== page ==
There is no link between a pregnant woman who is suffering from the flu, or receiving a vaccine against this infection, and the risk of her child developing an autism spectrum disorder, a study published Monday American journal JAMA Pediatrics.
Only 1.6% of the 196,929 children who participated in the study, after at least 24 weeks of pregnancy, were diagnosed with autism. Among the mothers of these children, less than 1% had been infected with the flu while they were pregnant, and nearly 23% had received the flu vaccine.
“Our data indicate that there is no link between influenza in a pregnant woman and the development of the autism spectrum disorder in her child,” explains Lisa Croen, author of the study and a doctor at the Kaiser Permanente Northern California in Oakland.
Dr. Croen believes there is no need to change the influenza vaccination policy for pregnant women. “We encourage women to get vaccinated during pregnancy,” she says.
Although several studies have explored a possible link between influenza during pregnancy and the development of autism in children, Dr. Croen and her colleagues note that none of them had previously been interested in the vaccine against The flu, recommended to pregnant women.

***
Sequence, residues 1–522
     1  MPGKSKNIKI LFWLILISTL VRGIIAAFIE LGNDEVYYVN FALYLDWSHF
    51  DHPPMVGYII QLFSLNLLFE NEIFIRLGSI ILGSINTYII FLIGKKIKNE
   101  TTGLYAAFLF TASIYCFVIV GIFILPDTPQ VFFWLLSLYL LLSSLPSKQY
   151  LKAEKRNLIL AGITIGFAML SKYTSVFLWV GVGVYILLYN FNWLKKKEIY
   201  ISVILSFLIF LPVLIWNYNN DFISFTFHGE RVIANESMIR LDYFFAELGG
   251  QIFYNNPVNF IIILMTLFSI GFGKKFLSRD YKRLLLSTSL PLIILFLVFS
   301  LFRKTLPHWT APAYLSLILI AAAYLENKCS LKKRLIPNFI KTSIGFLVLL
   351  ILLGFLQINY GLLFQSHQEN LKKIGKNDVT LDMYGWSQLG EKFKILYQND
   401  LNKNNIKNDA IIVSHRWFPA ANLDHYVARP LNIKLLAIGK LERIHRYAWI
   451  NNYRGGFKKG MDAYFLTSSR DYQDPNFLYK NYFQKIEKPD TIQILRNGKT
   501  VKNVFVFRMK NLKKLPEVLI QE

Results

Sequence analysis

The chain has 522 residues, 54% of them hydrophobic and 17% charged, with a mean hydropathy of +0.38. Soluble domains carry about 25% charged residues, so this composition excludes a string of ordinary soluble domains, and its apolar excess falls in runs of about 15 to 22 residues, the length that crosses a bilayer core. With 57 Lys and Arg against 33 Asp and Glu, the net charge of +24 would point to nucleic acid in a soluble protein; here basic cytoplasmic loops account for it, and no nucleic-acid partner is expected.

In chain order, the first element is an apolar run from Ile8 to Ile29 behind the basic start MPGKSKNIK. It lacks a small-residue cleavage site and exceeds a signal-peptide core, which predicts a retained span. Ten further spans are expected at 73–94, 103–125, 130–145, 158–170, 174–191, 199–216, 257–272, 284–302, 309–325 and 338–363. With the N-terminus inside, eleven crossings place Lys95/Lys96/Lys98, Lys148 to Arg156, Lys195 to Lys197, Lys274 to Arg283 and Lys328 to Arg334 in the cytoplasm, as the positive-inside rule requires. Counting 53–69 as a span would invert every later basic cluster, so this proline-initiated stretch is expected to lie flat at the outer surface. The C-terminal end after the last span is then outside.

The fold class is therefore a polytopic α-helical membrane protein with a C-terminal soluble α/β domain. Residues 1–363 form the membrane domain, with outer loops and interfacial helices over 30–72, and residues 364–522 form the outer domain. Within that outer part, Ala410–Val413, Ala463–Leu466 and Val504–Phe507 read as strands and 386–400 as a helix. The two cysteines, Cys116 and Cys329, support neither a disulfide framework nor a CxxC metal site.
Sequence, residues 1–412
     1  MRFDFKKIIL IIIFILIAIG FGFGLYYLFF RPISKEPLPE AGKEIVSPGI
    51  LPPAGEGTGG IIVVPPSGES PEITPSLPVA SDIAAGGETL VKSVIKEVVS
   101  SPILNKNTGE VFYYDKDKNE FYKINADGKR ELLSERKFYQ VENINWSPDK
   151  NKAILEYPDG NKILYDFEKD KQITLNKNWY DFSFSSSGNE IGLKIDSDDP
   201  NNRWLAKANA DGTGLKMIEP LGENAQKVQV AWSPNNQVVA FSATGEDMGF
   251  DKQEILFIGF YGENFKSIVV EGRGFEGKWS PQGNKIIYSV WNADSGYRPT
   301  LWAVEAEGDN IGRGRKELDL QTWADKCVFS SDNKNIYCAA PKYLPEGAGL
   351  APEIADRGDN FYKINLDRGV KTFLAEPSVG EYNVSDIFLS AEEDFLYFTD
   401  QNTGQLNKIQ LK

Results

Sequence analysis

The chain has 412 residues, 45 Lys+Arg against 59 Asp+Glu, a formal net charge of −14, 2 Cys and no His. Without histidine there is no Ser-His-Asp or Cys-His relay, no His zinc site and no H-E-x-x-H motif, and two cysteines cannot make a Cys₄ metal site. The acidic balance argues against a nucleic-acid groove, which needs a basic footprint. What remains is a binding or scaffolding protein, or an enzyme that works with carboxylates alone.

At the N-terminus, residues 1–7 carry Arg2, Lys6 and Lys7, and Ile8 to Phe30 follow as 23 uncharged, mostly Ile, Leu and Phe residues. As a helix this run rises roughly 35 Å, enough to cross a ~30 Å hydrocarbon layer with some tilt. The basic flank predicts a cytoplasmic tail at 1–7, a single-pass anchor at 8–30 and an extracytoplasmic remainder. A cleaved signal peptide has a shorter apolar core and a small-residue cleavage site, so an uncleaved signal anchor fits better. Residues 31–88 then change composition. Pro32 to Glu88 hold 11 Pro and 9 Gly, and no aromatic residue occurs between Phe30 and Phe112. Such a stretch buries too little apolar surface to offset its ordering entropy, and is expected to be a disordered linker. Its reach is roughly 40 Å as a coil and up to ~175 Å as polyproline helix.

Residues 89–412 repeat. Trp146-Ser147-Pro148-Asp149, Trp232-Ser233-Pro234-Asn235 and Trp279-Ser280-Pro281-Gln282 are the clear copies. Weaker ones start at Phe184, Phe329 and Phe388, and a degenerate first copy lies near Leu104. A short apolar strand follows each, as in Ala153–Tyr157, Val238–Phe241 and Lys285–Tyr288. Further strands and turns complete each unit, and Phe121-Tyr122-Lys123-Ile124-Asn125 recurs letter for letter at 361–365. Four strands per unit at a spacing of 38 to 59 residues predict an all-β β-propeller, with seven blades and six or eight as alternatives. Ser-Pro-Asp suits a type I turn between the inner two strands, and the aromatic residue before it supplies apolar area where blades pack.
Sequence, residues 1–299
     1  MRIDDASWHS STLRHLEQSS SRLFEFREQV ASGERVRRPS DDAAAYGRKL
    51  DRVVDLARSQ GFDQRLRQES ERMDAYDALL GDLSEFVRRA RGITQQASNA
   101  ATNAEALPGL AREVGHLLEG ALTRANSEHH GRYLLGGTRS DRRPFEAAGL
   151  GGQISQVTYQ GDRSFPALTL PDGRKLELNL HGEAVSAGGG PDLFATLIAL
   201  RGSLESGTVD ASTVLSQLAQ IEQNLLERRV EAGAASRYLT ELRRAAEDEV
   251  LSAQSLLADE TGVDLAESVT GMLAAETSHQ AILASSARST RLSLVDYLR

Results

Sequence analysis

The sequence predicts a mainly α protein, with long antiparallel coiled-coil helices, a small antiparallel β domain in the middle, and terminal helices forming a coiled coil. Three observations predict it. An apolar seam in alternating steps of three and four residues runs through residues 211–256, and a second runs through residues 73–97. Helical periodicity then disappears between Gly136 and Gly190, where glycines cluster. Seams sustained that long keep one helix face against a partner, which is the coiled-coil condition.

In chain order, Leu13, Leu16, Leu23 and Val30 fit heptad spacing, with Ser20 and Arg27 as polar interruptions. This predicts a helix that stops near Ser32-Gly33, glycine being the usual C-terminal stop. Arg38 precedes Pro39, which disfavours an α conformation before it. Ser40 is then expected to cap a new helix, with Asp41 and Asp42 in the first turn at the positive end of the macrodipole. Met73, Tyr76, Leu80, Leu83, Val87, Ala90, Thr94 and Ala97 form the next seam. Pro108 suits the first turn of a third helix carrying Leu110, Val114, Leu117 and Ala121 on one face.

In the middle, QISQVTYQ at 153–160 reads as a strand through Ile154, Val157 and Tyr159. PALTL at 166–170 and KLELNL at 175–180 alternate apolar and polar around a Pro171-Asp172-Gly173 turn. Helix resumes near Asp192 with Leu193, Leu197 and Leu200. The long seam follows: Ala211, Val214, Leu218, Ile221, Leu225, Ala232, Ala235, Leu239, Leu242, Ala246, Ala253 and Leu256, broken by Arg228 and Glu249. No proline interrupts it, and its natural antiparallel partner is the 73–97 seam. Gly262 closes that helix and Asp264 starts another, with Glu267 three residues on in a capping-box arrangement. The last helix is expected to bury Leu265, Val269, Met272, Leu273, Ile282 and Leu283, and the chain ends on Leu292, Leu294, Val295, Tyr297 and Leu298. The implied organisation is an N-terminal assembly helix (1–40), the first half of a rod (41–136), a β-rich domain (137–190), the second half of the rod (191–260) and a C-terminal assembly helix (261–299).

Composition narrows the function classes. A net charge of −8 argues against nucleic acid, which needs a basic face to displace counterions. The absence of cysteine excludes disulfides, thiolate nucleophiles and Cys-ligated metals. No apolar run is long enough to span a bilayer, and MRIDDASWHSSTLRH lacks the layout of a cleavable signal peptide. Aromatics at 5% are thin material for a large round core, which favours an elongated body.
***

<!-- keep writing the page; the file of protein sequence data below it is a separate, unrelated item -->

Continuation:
Influenza during pregnancy is still dangerous, says Dr. Loralei Thornburg, a high-risk pregnancy expert at the University of Rochester Medical Center in New York. In particular, it refers to the risk of premature delivery and congenital abnormalities.
“Vaccines have often been a source of concern, but the evidence suggests that they are not related to an increased risk of autism or any other perinatal complications,” says Dr. Thornburg. Participated in the new study.